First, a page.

Ask not when America lost its British accent — ask when Brits acquired it

Have you ever watched one of those cheesy basic-cable docudramas set in colonial times? Me neither. But I’ve seen a lot of promos for them. And it always makes me smile that George Washington, John Hancock and the gang are so often portrayed as having posh British accents.

It makes sense. People on this side of the Atlantic weren’t oo far removed from people in Britain

In fact, many were themselves Brits fresh off the boat. So you could see how they might do lots of crazy British things, like fancify their Rs and eat kidney pie.

I never questioned those highfalutin historical accents at all – I figured they were somewhere close to the truth – until I got a copy of Patricia T. O’Conner’s Origins of the Specious.  Just a few pages into the introduction, I read this:

“I’m sometimes asked, ‘When did we Americans lose our British accent?’ Answer: We didn’t lose it. The British once spoke pretty much as we do. What we think of as the plummy British accent is a fairly recent happening.”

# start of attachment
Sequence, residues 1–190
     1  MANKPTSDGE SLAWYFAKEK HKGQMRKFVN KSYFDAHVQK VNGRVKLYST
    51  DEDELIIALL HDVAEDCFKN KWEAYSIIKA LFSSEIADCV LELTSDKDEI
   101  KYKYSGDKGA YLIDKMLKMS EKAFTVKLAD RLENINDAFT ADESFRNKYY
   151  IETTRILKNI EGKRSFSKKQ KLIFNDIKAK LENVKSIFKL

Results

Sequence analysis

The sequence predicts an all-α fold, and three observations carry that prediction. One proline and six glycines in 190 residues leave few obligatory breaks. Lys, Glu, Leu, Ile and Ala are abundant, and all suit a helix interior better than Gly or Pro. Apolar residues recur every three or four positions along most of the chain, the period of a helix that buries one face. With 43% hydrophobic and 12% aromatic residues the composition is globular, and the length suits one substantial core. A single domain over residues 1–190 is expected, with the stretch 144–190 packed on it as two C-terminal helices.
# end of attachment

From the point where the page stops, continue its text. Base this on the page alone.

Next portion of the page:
In the following chapter she explains how this happened. The Englishmen and –women of the seventeenth and eighteenth centuries sounded a lot like the Americans of today. What we think of as a British accent (and the many variations within that could be construed as separate accents) didn’t develop until after the American Revolution.

Then, shortly after we broke away, a fashion started forming among educated folks in English who thought it sounded jolly good to start doing things like dropping their R sounds in words like “far” and “church” and adding other little fancy-sounding flourishes to their speech.

A lot of the Americans who had the closest ties with England – you know, people in New England – picked up the habit. Which is why parking a car too far in Harvard yard is a punchline-worthy activity.

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